Each of us has our preferred sleeping position. Even if some parts of your night routine, like your bedtime schedule, change from time to time, chances are the sleep position that you got accustomed to will remain consistent. In fact, a study revealed that most people switch positions between 10 to 40 times each night, but we tend to go back to our “default” sleep position.
Sleeping Position and Sleep Quality
Multiple studies revealed the correlation between the body’s sleep posture and sleep quality. Our body works to restore and repair itself during sleep, and your position can either aid or hinder that process.
The way we sleep is a matter of preference. However, just because we feel comfortable doesn’t necessarily mean that it is good for our sleep health as well as our general health. If you’re noticing new body pains and worsened health conditions when you wake up – your sleeping position might be the culprit. Poor sleep caused by poor posture can lead to issues such as:
- Trouble concentrating or forgetfulness
- Chronic back pain or generalized body pain
- Impaired circulation
- Sleep apnea
- Digestive issues
Healthy Sleep Positions
You are not required to switch up your sleep position especially if it causes you even more stress – it is hard to break a habit after all. But if taking the time to slowly get used to a new posture could solve your chronic health issues or improve your sleep quality, it might be worth trying it. Now, let’s dive into the most common sleeping positions and their pros & cons.
#1 Sleeping on Your Side
Also known as the ‘lateral sleeping position’, side sleeping is the most popular position by far. A study showed that more than 60% of people, mostly men, spend more time dozing on their side.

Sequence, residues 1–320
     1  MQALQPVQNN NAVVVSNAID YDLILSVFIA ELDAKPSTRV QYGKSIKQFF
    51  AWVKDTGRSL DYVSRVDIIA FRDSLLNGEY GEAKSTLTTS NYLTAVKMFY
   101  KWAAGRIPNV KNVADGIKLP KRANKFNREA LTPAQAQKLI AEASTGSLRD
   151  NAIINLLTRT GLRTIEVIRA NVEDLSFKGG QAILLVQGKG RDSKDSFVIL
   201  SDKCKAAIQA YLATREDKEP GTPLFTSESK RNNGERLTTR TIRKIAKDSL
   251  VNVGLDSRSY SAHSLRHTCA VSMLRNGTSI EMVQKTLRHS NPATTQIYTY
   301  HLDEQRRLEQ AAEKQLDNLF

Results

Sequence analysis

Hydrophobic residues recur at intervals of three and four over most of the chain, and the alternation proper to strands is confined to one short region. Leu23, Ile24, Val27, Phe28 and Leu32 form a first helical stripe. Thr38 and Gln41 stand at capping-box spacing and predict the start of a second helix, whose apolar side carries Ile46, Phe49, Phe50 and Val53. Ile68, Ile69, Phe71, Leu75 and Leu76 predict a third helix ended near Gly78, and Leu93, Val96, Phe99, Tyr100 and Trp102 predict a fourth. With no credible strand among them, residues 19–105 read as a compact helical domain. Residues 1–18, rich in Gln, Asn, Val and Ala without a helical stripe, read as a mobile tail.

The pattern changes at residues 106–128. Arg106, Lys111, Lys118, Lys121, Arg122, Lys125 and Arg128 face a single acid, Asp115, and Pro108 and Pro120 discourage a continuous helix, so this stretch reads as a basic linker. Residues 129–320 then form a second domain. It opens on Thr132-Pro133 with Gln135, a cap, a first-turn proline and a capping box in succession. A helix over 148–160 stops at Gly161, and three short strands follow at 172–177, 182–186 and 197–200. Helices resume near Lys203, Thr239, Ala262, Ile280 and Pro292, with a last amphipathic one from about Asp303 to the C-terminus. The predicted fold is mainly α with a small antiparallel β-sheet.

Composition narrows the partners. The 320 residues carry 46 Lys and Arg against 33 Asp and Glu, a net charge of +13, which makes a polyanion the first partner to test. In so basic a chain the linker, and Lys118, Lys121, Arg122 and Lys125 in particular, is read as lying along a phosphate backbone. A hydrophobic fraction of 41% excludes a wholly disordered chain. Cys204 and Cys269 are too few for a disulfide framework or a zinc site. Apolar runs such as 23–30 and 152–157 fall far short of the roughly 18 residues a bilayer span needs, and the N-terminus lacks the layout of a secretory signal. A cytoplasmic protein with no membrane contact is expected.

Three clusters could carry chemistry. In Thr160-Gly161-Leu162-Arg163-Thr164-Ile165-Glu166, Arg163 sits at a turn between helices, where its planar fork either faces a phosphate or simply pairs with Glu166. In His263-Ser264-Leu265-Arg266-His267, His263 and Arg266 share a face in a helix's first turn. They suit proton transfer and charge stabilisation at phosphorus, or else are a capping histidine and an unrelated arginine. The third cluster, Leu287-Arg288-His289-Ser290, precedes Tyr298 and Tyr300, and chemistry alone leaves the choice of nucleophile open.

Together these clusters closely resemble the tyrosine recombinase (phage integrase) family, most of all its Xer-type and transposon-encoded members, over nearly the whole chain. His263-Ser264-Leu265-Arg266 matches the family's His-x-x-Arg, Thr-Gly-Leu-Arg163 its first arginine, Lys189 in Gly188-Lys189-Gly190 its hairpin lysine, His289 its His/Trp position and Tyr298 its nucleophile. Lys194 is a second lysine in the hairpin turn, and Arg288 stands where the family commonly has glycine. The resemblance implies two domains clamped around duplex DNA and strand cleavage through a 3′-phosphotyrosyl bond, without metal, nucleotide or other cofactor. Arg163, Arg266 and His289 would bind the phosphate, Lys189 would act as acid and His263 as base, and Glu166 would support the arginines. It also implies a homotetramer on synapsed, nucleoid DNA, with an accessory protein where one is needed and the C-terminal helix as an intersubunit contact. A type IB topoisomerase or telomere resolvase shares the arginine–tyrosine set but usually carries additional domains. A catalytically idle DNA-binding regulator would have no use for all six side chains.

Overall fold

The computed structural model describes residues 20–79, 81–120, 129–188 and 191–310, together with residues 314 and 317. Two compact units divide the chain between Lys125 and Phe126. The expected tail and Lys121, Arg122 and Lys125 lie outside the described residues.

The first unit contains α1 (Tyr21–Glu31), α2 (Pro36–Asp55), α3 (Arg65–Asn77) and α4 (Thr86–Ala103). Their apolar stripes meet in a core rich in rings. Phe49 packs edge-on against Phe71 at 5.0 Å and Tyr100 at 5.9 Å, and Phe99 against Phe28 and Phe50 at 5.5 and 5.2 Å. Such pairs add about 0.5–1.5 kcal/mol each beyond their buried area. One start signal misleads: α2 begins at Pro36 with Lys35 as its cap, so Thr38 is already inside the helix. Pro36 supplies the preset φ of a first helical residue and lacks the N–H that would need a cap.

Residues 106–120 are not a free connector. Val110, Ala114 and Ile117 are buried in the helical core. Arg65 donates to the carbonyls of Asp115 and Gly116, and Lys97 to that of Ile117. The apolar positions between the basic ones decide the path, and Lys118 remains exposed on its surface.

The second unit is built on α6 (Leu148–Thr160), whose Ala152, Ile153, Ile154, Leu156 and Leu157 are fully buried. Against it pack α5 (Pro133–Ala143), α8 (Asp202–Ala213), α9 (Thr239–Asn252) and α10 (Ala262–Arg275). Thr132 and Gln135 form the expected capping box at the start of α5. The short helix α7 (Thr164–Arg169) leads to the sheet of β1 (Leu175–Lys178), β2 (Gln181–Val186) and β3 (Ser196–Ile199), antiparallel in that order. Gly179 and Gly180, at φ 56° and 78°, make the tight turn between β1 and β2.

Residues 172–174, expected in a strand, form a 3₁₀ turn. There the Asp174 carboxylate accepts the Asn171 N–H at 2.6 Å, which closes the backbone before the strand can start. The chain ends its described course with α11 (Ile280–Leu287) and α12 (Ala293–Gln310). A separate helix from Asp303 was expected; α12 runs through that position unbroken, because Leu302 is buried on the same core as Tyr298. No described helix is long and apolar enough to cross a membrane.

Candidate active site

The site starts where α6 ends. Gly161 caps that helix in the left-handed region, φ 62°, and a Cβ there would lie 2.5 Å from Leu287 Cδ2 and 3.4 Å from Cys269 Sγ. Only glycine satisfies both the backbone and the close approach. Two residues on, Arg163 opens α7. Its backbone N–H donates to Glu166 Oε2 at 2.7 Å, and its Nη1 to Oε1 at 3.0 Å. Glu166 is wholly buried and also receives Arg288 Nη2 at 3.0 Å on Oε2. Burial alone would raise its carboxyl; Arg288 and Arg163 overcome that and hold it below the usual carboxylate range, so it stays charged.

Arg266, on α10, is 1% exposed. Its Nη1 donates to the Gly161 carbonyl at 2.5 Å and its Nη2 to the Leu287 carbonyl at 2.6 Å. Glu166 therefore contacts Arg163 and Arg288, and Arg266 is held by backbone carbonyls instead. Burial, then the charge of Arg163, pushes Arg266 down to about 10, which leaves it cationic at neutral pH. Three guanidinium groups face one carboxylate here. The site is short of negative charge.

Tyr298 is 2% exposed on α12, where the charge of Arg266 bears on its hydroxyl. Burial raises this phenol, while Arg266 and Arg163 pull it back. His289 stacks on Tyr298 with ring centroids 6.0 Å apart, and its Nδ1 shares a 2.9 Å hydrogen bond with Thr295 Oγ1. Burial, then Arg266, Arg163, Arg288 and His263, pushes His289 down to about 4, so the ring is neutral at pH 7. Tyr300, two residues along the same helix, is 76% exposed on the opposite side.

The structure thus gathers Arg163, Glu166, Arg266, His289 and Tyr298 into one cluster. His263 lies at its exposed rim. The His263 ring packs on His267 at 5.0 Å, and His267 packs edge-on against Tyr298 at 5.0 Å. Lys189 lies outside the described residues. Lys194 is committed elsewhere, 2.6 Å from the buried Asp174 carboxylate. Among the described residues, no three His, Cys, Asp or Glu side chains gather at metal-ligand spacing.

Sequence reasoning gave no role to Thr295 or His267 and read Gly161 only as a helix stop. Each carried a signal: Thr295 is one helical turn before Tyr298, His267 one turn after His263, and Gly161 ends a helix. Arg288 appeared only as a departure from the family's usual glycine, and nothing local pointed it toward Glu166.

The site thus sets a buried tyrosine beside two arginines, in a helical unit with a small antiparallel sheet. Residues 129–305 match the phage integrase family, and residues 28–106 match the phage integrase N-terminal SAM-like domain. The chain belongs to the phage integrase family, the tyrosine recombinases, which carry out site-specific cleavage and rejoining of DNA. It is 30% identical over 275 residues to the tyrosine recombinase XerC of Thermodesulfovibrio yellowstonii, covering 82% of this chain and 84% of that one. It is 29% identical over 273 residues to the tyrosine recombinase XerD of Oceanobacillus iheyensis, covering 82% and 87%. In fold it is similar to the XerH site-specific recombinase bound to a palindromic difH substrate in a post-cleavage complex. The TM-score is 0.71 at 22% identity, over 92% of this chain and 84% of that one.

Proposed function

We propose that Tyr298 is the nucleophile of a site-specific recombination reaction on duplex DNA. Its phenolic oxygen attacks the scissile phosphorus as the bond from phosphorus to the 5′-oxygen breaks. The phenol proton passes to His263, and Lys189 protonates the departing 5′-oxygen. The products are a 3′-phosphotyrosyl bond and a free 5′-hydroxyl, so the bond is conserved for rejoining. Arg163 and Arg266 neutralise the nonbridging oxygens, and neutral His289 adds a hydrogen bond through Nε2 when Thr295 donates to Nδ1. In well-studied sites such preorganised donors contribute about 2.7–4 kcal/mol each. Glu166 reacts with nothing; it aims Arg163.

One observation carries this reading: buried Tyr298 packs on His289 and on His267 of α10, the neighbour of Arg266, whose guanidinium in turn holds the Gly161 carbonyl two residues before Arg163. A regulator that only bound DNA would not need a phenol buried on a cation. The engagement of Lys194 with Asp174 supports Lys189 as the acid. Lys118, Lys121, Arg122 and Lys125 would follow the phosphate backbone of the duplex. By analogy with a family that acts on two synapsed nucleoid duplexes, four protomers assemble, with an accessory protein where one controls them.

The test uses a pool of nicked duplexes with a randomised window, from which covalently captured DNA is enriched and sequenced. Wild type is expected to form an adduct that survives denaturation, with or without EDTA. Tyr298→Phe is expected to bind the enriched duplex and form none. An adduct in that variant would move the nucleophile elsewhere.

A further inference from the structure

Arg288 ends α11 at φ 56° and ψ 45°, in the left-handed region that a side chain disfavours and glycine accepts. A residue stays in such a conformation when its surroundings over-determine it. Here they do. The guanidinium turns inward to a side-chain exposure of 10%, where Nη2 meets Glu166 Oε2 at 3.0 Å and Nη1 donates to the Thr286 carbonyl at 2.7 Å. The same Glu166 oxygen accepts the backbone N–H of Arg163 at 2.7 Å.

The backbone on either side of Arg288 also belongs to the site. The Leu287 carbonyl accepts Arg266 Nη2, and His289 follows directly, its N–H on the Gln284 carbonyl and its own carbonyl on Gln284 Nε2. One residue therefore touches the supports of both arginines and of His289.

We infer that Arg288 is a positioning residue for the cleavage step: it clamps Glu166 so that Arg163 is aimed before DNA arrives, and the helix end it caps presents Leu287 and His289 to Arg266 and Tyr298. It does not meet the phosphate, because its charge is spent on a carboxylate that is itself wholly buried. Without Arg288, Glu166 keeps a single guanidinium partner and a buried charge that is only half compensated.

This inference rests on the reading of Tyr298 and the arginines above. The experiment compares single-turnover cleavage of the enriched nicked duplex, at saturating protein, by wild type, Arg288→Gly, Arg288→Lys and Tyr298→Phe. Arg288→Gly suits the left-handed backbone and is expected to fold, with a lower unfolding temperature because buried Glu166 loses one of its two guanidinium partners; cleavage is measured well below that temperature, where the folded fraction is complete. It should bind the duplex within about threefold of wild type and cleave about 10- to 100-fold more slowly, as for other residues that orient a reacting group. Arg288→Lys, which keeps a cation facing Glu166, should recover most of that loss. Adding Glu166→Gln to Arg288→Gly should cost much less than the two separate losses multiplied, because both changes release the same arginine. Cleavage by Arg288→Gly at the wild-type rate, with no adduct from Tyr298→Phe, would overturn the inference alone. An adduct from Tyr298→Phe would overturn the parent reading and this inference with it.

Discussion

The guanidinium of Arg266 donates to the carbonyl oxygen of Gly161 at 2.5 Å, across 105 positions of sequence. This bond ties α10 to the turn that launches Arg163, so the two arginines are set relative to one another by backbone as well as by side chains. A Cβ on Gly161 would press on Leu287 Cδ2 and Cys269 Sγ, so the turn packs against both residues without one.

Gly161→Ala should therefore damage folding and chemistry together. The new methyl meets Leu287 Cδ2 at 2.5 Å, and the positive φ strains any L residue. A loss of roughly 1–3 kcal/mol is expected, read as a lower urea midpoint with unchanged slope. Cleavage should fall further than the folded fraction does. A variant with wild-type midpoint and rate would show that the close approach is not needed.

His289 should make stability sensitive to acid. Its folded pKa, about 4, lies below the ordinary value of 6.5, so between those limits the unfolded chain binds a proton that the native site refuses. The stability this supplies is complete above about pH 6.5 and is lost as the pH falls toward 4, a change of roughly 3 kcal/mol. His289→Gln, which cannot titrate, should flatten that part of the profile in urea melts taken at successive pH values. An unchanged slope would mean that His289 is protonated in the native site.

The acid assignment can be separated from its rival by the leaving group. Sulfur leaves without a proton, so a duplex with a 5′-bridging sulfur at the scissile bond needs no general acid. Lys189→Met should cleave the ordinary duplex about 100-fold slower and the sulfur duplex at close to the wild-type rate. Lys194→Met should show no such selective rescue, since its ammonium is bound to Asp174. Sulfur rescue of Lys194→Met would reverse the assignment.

Side sleepers generally sleep on either the left or the right side of their body. They could also be stretched out in a “log” form or curled up in a “fetal” position. This type of sleeper also often uses a pillow to hug or tuck in between their shoulders and head.
This sleeping posture can alleviate pressure on the spine which may help prevent neck and lower back pain. It also promotes better airflow for people suffering from sleep-related breathing issues. Moreover, there’s also enough research that suggests sleeping on your left side as a more effective way to aid digestion.
Who Will Benefit from Side Sleeping?
- Pregnant women – experts generally recommend lying on your side with your knees bent during pregnancy. This position relieves the pressure of your baby’s weight, enabling the heart to pump blood easily.
- People with Acid Reflux – studies show that sleeping on your left side makes GERD or acid reflux symptoms less frequent and less severe.
- People with lower back pain – sleep on your side while keeping your knees bent to help balance the body and minimise pressure on the lumbar spine.
- People who snore or with sleep apnea – maintaining a side position can help the airways stay open during sleep, reducing snoring and easing mild apnea.
Downsides of Side Sleeping
- Shoulder stiffness
- Jaw tightness on the side you’re sleeping on
- Cuts off the circulation in the arm you’re sleeping on
Choosing a Mattress for Side Sleepers